Today, Genghis Khan’s legacy is celebrated in a million and one different ways. There is Genghis-branded pizza, cigarettes, bus companies, makes of toilet paper and even a carpet factory selling Genghis-approved linoleum and rugs.
It is outside of the capital, however, where things get more unpredictable. Our first three days are spent criss-crossing between one-horse towns and nomadic camps. At our first stop, every villager rushes to greet us (population 26 people, 50 sheep, 250 goats) and, during our second, a young child rides down the village’s only street bareback to welcome our van. A week later in Ölgii, the tiny capital of the mountainous western province, we visit a local market and watch in amazement as a butcher, rather than throw scraps of meat into a bin, hurls the slabs high into the air where they are caught by packs of swooping eagles. That same day, at a Mongolian disco, whereas at a club in London you can be approached by a dodgy geezer selling pills behind the DJ booth, I am pleasantly surprised to be offered a half-eaten yak sausage.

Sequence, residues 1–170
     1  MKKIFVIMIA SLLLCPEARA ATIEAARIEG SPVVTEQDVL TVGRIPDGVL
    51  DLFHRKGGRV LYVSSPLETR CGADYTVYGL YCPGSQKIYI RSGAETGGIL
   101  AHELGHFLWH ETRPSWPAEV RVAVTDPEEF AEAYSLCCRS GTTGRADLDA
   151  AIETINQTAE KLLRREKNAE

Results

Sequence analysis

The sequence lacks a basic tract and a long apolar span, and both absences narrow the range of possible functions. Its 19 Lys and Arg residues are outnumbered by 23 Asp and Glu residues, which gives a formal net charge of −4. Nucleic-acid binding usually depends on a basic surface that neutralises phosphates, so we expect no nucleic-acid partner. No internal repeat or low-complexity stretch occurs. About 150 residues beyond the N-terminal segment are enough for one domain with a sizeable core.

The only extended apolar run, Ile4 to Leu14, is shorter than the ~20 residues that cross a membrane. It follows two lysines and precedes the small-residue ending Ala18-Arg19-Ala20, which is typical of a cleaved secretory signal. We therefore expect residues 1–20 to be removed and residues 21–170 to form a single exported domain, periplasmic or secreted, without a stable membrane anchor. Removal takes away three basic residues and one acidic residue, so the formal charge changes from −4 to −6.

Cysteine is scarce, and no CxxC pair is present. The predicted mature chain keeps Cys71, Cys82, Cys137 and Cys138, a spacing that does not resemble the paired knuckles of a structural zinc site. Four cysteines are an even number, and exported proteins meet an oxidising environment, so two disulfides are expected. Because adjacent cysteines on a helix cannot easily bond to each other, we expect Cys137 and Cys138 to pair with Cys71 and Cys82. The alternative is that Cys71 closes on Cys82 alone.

Yet this is civilisation compared to what awaits us in the south of the country. The Mongolians’ nomadic lifestyle means that they rely on their animals for survival and, as around half of the population roam the vast plains as farmers, encampments are minimal to help them move on throughout the year. So when staying the night with a family near the dusty town of Dalanzadgad, we are expected to help round up the goats at dusk in return for our bed for the night; when we arrive at breakfast near the Hustai National Park, families need help milking their animals before boiling the milk and turning it into salty tea, known as suutei tsai.